In many ways stars are like living beings. They're born; they live; they die. And they even have a heartbeat. Using a novel technique, astronomers have detected thousands of stellar "pulses" in the galaxy Messier 87 (M87). Their measurements offer a new way of determining a galaxy's age.
The astronomers studied the elliptical galaxy M87, located 53 million light-years from Earth in the constellation Virgo. They examined a unique series of images taken with the Hubble Space Telescope over the course of three months in 2006. They quickly found what they were looking for.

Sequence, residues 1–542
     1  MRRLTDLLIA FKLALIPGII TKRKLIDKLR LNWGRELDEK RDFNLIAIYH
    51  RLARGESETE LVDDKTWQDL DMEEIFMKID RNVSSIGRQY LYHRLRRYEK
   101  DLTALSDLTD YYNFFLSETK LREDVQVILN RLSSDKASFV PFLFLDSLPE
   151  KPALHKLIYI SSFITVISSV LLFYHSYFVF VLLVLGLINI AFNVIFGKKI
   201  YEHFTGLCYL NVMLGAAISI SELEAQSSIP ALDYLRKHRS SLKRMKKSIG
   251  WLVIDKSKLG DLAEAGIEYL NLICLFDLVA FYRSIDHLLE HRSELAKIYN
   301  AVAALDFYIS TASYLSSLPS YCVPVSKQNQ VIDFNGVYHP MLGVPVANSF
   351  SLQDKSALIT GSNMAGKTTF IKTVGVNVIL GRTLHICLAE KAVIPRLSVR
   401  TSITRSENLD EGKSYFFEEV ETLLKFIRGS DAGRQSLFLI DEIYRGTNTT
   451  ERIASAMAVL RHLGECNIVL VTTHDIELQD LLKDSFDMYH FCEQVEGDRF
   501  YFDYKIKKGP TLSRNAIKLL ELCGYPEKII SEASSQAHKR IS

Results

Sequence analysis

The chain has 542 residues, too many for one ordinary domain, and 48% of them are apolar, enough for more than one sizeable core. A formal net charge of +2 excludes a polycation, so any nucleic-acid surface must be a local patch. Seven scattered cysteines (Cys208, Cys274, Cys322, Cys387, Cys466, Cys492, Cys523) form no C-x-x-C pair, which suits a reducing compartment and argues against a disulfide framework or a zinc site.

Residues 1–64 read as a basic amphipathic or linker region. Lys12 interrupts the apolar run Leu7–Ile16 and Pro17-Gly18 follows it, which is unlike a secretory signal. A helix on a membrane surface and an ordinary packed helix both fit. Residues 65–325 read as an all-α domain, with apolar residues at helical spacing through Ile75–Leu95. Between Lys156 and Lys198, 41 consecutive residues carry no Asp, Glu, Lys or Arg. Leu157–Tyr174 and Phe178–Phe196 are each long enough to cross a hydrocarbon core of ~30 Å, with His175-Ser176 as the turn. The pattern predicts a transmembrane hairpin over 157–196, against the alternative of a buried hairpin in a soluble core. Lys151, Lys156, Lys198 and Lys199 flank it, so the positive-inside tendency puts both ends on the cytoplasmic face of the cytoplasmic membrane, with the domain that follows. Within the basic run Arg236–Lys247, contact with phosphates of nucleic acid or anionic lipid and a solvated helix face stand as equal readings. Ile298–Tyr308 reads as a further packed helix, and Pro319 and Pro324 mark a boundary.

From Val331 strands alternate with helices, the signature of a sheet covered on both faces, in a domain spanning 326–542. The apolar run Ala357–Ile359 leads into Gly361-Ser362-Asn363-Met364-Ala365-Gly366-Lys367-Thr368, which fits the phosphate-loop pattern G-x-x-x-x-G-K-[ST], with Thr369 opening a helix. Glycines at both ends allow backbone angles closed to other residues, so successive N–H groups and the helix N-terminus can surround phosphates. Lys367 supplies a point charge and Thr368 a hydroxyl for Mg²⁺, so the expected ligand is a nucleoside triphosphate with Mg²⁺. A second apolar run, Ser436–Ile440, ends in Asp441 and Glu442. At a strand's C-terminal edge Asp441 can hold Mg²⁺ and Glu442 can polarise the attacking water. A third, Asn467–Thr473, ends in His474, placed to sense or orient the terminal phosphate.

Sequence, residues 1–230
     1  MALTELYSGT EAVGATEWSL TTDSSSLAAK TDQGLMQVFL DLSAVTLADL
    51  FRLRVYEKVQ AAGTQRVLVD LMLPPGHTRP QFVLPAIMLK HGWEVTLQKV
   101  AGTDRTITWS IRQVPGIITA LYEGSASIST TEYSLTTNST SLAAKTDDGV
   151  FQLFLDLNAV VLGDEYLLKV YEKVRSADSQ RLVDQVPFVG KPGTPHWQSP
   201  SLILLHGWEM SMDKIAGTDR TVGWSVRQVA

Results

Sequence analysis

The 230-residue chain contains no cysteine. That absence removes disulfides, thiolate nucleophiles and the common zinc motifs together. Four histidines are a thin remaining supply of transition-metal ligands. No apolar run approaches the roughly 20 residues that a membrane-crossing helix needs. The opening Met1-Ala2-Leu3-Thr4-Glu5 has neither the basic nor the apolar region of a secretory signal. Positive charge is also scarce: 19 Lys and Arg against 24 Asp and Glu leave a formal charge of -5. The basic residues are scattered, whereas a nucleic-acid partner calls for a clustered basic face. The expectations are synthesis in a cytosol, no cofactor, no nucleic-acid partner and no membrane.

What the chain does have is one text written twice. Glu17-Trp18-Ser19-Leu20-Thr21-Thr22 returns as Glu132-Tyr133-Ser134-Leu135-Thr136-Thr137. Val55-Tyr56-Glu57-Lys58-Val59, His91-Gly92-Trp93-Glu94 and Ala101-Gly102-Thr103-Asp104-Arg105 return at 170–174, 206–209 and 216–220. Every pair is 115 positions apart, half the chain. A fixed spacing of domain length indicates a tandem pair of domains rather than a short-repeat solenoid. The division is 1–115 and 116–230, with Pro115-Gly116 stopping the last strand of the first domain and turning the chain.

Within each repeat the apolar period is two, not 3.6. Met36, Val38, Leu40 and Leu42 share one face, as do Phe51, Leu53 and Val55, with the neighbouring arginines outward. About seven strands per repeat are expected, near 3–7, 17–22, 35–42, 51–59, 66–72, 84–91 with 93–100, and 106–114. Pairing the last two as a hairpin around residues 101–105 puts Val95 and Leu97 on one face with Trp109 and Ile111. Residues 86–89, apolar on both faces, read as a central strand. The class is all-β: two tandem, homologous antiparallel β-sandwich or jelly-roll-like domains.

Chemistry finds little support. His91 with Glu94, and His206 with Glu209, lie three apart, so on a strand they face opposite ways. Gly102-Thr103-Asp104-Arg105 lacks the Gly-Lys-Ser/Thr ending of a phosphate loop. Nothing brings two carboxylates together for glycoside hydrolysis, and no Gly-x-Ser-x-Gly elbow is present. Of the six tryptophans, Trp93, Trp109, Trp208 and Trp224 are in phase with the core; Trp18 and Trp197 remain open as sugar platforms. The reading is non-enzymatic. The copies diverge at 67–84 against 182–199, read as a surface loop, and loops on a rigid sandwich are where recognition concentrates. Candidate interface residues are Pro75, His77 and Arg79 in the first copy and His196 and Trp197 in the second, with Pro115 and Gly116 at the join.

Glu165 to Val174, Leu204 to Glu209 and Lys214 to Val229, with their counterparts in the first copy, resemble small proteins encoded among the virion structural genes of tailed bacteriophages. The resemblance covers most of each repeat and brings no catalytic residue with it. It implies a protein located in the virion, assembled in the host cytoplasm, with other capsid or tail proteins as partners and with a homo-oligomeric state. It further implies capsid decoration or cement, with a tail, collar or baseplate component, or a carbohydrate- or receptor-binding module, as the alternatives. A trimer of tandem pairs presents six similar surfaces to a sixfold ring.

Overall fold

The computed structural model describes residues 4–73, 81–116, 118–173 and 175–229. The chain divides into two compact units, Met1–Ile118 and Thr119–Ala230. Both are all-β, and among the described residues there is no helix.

"Amazingly, one in four pixels in the image changes with time," said Pieter van Dokkum, a professor and chair of the astronomy department at Yale University. "We tend to think of galaxies as steady beacons in the sky, but they are actually 'shimmering' due to all the giant, pulsating stars in them."
Analysis of the Hubble data showed that the average pixel varies on a timescale of approximately 270 days. The regular up and down changes in brightness are reminiscent of a heartbeat. "It's as if we're taking the pulse of the galaxy," said Conroy.